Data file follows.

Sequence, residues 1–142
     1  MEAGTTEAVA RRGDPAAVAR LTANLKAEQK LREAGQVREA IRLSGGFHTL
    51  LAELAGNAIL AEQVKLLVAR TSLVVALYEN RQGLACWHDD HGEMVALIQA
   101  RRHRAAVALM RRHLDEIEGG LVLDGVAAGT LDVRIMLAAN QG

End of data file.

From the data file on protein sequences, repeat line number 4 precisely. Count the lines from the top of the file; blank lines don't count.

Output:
   101  RRHRAAVALM RRHLDEIEGG LVLDGVAAGT LDVRIMLAAN QG